Books have always struggled to convey the spectacular beauty of Rome’s Sistine Chapel. Until now.
A five-year collaboration between the Vatican and two publishers has resulted in a luxury three-volume elephant folio-sized art book called The Sistine Chapel that includes 1:1 scale images of the masterpieces by Michelangelo, Botticelli, and other Renaissance artists.
This limited edition - now available for purchase via AbeBooks - was created after two photographers took more than 270,000 images over 65 consecutive nights while the Sistine Chapel was closed to visitors - a photographic assignment of biblical proportions. A 33-foot-tall scaffold – which was constructed and taken apart each night - helped the photographers get up close and personal with the famous art decorating the walls and ceiling. More than 500 years ago, Michelangelo also employed a scaffold to paint the ceiling.
Three-dimensional reconstruction software was then used to piece together all 270,000 individual frames to reproduce the images for publication using six-colour offset lithography.
Published byCallaway Arts & Entertainmentand Italy’s Scripta Maneant, the book uses state-of-the-art color printing to ensure its colours match those used in the Chapel. The close-up detail of each image provides a perspective that cannot be obtained by visiting the Chapel in person. Readers can see the artist’s brush strokes and texture of the paint, as well as the small cracks and imperfections that line the walls and ceiling.
The publishing agreement with the Vatican stipulated that only 1,999 copies could be printed. Six hundred of them are in English. The Italian language copies have already sold out. The deal also stipulates no reprints.
Antonio Paolucci, former director of the Vatican Museums, provided essays describing each scene and the background to each one. At 822 pages in total length, The Sistine Chapel takes the art book genre to a new level. Each volume weighs 20lbs (approx. 9kg) and measures 24 x 17 inches (63.5 x 43.2cm). Even the book’s endpapers are special, mirroring the design of the Chapel’s mosaic floor tiles.
Volume one is called The Frescoes of the 15th Century and details the artwork along the walls, including the work of Sandro Botticelli, Domenico Ghirlandaio, Luca Signorelli, Bartolomeo della Gatta, Biagio d’Antonio, Cosimo Rosselli, Pietro Perugino, and Mateo Perez de Alesio. These murals were commissioned by Pope Sixtus IV, and were created between 1481 and 1482. They depict the stories of Moses from the Old Testament on the southern wall and the stories of Jesus from the New Testament on the northern wall.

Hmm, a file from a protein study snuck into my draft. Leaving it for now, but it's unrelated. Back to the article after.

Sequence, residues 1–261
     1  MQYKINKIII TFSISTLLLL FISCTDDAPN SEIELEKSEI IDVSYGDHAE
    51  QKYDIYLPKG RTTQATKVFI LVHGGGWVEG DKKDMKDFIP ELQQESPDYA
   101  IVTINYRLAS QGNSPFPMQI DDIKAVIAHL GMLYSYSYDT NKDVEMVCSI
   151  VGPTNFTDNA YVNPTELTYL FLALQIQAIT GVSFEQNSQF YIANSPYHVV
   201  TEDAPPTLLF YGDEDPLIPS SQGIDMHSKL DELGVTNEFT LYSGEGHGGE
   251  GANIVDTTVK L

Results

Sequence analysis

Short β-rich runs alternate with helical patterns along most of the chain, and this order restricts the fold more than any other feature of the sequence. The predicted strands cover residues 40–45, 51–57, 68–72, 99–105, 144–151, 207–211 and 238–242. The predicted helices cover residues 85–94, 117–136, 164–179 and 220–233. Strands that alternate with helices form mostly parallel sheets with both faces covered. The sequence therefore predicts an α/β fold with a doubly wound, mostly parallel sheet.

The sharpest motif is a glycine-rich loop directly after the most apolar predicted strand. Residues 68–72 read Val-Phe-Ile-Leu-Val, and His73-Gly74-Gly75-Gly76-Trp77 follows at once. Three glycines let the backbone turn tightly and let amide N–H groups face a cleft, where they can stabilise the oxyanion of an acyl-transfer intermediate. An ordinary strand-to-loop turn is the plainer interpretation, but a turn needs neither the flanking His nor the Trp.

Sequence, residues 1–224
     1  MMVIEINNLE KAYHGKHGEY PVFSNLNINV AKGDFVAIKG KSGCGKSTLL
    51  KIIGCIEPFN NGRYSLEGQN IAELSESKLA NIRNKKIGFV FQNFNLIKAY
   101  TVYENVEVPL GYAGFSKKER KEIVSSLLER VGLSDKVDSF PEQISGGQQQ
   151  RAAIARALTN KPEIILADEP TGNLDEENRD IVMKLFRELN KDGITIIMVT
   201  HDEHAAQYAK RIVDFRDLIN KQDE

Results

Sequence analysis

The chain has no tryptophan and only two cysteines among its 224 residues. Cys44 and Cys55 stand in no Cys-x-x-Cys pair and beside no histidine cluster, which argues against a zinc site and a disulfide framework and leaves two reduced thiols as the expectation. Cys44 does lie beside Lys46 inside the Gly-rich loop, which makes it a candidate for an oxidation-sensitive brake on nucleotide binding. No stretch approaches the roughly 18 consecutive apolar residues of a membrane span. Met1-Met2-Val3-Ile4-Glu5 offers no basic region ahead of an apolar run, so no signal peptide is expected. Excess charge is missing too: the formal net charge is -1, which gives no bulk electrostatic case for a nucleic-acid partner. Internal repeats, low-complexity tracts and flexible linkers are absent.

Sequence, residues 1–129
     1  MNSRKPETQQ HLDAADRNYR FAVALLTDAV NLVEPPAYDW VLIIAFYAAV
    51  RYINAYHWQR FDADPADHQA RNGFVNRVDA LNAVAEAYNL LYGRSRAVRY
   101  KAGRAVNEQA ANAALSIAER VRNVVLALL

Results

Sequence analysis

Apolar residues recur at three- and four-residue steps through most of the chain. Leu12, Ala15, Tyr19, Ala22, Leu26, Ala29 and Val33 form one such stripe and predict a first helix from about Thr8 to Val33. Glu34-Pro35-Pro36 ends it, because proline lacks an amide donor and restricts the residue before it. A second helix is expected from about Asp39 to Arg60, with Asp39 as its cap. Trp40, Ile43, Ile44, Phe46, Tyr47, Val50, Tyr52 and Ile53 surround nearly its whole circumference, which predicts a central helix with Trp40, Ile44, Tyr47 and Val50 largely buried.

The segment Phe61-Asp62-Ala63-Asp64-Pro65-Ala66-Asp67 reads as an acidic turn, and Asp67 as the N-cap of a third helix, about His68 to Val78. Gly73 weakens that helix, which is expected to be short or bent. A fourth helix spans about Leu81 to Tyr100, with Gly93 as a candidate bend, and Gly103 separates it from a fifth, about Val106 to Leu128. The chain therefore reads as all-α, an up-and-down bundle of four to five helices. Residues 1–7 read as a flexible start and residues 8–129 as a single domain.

Volume two is simply called The Ceiling. Pope Julius II commissioned Michelangelo to create frescoes for the ceiling in 1508 and the artist completed the task in 1512. Nine stories from Genesis and more than 300 biblical scenes – including Adam and Eve, and the Great Flood - chosen by Michelangelo grace the most famous ceiling in the world.
Volume three is called The Last Judgement and it is a dedicated to the art that appears on the wall behind the altar. Commissioned by Pope Paul III, this painting was created between 1536 and 1541. It depicts the second coming of Christ.
The Sistine Chapel is located in the Apostolic Palace in Rome’s Vatican City. Before COVID-19, around six million tourists visited the building each year. The Chapel takes its name from Pope Sixtus IV, who ordered its construction in 1473. Today, it is used for the papal conclave, the process for selecting a new pope.
Michelangelo’s ceiling is widely regarded as one of the pinnacles of art, which is all the more remarkable as it’s a curved, vaulted ceiling that rises to 68 feet (20.7 metres) above the floor. The ceiling contains more than 5,000 square feet (460 m2) of frescoes. In comparison, the fresco of the The Last Judgement on the altar wall is 1,800 square feet.
Priced at £17,385 ($22,000), copies of this luxury edition, with its true to scale images, are destined for the world’s great museums and libraries (the Royal Library at Windsor has a copy), and also a few fortunate collectors of art books.